Asia’s secondaries market is coming of age in more ways than one, with growing structural sophistication and a host of opportunities for proactive players in the space.
The region’s current supply generally involves funds with vintages between 2007 and 2012, which are rapidly approaching maturity. Commitments in these funds are larger in size than those commitments made in the pre-2007 era, and are more diverse both in terms of geography and fund manager type. Once seen as coming from esoteric managers or large Pan-Asia funds and few in between, they now comprise a vast array of country-focused fund secondaries opportunities, particularly in the mid-market space.
For market participants, this requires a nuanced understanding of the six private equity market-relevant economies: China, India, South-East Asia, Australia, Japan and South Korea – and an appreciation for each opportunity independently.
The skillset of a secondaries buyer now leans more towards capturing information asymmetry and creating information advantage. Gone are the days of deep discounts to lock in profit on day one. We are seeing transactions in Asia range between a premium to NAV of 5 percent to discounts in the high teens, with very little transacting outside of this band. Today it’s all about buying well – which in practice is extremely difficult to execute.
In Asia, having some degree of geographical and sectorial expertise is therefore a determinant factor towards how successful an operator can be. A range of variables – regulatory volatility, exchange listing rule changes, accounting policy differences, valuation discrepancies or poor GP reporting quality, to name a few – mean investors in Asian secondaries need to be savvier than their western counterparts. Some see these as risks, while others see them as opportunities; it’s a double-edged sword.
In Japan, different accounting principles can be a challenge. J-GAAP can make it difficult for GPs to mark-up valuations unless a completed M&A valuation or up-round event occurs, and dual-currency vehicles may find valuation differences between a yen-denominated fund with J-GAAP accounting versus its US dollar-denominated counterpart of the same fund series. Secondaries buyers need to go the extra mile during diligence to ascertain true value, but this could mean that having local currency capability allows investors to take advantage of special situations.
Another regulatory challenge has surfaced this year in China, where listing rules have capped public sale of stock by an investor at a maximum percentage of not more than 12 percent per annum. Secondaries buyers need to be attuned to sudden regulatory changes like this that can drastically change the outcome of pricing exit expectations overnight, particularly deals in process.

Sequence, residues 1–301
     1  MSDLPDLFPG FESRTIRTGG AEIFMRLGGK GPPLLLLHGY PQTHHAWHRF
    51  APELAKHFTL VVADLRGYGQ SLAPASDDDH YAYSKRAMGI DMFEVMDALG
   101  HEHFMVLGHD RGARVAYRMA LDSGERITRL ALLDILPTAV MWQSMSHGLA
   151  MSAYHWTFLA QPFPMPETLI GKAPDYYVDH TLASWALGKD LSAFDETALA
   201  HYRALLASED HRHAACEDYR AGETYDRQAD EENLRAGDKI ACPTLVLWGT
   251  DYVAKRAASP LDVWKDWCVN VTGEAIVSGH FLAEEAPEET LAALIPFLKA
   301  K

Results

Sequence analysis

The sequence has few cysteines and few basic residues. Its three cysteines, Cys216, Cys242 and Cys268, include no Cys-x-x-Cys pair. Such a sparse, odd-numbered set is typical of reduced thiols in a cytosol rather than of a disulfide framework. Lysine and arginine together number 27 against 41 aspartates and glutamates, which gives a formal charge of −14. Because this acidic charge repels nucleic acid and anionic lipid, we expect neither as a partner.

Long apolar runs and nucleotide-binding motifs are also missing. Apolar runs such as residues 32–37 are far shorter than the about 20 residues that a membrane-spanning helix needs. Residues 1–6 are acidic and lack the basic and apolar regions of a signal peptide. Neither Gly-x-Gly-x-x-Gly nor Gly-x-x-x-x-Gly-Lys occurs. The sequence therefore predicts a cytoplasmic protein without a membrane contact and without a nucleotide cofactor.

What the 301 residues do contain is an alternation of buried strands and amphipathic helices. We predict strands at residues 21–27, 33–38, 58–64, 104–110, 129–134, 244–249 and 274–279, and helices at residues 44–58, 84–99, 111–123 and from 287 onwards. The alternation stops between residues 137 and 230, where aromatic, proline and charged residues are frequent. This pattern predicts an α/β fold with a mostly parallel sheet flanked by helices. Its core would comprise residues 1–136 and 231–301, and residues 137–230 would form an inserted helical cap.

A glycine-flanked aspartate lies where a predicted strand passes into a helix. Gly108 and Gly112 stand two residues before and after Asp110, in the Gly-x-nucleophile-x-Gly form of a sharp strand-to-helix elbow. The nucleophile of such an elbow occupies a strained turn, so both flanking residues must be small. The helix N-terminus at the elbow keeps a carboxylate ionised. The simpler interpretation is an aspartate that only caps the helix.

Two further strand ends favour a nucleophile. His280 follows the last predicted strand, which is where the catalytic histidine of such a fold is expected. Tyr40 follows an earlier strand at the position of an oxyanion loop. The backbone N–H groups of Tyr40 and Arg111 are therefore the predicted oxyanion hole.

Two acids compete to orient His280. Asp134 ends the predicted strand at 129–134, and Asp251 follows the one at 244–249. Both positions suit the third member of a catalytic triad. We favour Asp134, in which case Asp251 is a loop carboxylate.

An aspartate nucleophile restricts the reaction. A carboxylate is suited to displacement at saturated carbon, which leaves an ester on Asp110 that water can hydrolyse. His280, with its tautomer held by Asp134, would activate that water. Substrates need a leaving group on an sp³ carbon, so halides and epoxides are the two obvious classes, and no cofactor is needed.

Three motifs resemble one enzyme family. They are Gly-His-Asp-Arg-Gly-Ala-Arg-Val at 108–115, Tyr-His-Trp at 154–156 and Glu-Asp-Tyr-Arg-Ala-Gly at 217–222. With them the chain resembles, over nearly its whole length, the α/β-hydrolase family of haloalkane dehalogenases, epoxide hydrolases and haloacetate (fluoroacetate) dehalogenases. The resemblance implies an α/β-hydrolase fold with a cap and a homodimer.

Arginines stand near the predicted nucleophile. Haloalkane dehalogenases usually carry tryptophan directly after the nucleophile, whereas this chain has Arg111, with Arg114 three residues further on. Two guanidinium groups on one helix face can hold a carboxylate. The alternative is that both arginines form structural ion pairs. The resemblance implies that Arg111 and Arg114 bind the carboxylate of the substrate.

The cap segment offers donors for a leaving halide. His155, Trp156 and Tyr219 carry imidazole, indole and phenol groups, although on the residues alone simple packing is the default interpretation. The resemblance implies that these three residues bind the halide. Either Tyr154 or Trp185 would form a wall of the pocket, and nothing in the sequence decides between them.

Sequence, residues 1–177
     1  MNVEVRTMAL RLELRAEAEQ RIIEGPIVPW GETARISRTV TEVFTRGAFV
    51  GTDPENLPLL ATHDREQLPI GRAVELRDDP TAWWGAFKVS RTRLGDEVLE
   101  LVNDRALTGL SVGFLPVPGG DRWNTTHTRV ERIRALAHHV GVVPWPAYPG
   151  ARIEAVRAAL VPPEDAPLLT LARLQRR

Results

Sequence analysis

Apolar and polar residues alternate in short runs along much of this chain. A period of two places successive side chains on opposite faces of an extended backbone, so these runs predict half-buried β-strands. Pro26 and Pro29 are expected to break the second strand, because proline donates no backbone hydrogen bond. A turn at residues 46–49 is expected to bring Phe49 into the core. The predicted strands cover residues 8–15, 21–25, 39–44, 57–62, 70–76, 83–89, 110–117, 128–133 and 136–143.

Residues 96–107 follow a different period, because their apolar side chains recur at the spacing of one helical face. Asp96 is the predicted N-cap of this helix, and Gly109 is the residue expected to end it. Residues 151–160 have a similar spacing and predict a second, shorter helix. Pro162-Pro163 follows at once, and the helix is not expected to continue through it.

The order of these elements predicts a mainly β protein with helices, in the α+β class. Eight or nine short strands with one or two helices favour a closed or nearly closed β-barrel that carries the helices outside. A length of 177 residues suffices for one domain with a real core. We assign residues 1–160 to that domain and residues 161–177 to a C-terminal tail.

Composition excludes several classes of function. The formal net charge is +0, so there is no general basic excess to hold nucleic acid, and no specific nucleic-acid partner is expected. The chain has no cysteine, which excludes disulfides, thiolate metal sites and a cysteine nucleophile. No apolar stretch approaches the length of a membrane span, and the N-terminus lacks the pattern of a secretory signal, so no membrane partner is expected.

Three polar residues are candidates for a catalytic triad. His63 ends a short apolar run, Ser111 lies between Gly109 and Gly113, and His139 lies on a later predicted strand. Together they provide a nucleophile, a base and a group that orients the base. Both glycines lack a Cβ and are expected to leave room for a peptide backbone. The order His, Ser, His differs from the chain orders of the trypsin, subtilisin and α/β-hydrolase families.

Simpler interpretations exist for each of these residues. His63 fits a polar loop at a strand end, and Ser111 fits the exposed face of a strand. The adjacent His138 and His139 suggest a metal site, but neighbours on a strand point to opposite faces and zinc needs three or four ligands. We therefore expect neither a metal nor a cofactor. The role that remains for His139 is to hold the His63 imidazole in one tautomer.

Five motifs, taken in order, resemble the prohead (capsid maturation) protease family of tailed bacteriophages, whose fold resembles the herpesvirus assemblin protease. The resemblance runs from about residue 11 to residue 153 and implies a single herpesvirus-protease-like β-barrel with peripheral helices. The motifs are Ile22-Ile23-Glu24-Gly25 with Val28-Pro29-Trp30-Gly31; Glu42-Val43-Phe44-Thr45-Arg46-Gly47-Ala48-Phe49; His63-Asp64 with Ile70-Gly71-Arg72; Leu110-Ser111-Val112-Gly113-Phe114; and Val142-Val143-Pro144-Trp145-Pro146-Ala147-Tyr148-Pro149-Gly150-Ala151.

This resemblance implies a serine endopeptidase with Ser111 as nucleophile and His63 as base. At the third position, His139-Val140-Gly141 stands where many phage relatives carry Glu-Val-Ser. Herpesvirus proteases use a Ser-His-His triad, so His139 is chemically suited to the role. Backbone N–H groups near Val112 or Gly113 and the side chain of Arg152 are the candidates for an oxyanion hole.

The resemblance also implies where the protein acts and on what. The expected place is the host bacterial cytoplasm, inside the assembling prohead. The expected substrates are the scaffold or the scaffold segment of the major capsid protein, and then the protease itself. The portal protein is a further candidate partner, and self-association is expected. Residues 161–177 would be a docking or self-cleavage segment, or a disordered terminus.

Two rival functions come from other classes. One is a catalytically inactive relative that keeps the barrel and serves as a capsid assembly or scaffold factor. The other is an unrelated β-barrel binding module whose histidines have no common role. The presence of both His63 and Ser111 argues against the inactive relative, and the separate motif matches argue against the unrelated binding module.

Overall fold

As Asian banks’ and managers’ appetite for global private equity grows, many sellers are selectively liquidating a portion of their maturing portfolio in order to re-deploy this capital to take part in a new wave of global private equity or venture capital commitments. Partial exposures are thus becoming more common as investors seek liquidity to dip their toe from one pool to another.
In Australia, we are seeing asset managers and superannuations consider selling their private equity exposures on an opportunistic basis. This comes amid the country’s regulatory requirement to report management expense ratios, encompassing management fees across all asset classes paid to underlying fund managers. Since commitments to private equity managers drive up average reported MERs considerably, there has been intense competition and pressure among asset managers to lower MERs for other products such as fixed income. As such, MERs have been a driver of secondaries selling in Australia for some time.
This year, we are seeing a refocus on opportunistic selling that takes advantage of the current seller’s markets in secondaries. Atlantic-Pacific worked on a transaction to assist an Australian asset manager re-balance its portfolio via secondaries this year.
Having been active in Asian secondaries over the last decade, at Atlantic-Pacific we have seen structures become increasingly creative and sophisticated; secondaries players have become more proactive in gaining sectorial or geographical advantages. In this year alone, Atlantic-Pacific has represented Asian sellers aggregating over $600 million in NAV. As investors’ primary allocation to Asia now typically targets 20 percent – up from the 5-10 percent that used to be the norm – secondaries will continue to become a staple of the private equity landscape, and are poised to grow two to threefold over the next decade.
Charles Wan is a principal at Atlantic-Pacific responsible for deal origination, execution and product distribution across Asia. He leads the Asia office’s origination and due diligence activities relating to its primary capital raising and secondary transactions in the region and has prior experience at Pomona Capital in Hong Kong.